|The Bloggess' $100 revenge chicken-|
Why exactly is this funny?
First of all, they did communicate. She said, "We need new towels," and he said, "No, we don't." What's the solution there? If you've got one, please share, because I don't know a married couple who's found it. Do they need new towels, or not? Who decides? Is there a tie breaker vote someplace? Should we have the vice president or the lieutenant governor come down to provide it? Or maybe you think the "new towels" controversy serious enough for her to spend an hour explaining to him why he can't continue to dry his ass on the giant rag with holes in it the size of his ass that he's been using for that purpose for the last seven years, but trust me, if he don't already get that, an hour ain't gonna change it. Perhaps they should get a divorce, since clearly they have a fractured marriage fraught with dispute. (*tongue clearly in cheek, because look, anyone who HASN'T had an argument over buying new towels or something similar ain't really married, they're probably just living together in the same house and keeping separate checking accounts or something*) Here's the answer -- are you sitting comfortably? -- THERE ISN'T A SOLUTION. Like the other three hundred things most commonly fought about in marriage, there's no tie breaker vote, there's no "logical" answer (because, btw, there's no universal standard that determines the timeline for towel replacement), and both sides are probably pretty convinced of the rightness of their argument. At some time or another, just to break the tension, most couples resort to a giant metal chicken, metaphorically speaking. If you don't move that revenge vibe right to the surface, and quickly, it lies underneath, festers, and eventually throws your husband and his ratty towels (or your wife and her extravagant spending) right out of the house. Here endeth my rant on marital events.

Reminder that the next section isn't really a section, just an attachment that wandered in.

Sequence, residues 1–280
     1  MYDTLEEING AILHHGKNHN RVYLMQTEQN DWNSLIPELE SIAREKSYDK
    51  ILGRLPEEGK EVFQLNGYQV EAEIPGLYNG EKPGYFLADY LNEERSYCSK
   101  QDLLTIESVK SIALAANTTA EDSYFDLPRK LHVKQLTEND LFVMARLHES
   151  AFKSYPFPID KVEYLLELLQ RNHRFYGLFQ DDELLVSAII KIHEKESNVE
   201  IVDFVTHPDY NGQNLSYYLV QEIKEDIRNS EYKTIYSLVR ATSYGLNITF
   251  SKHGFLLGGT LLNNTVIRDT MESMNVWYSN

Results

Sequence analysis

I agree with the friend who called revenge; I've never had this experience. My husband and I have, over time, divided our life based on areas of core competency, and we trust each other to be adults and good stewards in those areas. Towels are firmly in my area of competency, and if I say we need new ones, he agrees. Likewise, if he says we need new fixtures for the bathroom, I agree. Depending on the budget, we might not race out and get them this evening, but I would never dream of telling my husband that we don't need a new shower because the slight water leakage doesn't bother me and it works fine besides that. I trust him to know what we need in that department. If a new area comes up (and there will be many once the babies come), we discuss it together until it becomes apparent whose area of core competency it fits in to. And no, they're not all as gender stereotypical as my example above - I do all the retirement savings and investing, for instance, and he does the pet care.
I certainly don't understand why spending $100 on a chicken shows her husband why she's competent to determine other maters of household expenditure. Sounds to me like she just shot herself in the foot for $100. Let's be honest - we all enjoy getting even, but it only works if the other person can't retaliate. In marriage, you've got a lifetime of opportunities for retaliation, so getting even is pretty silly. But maybe I just don't have a sense of humor - what do you think?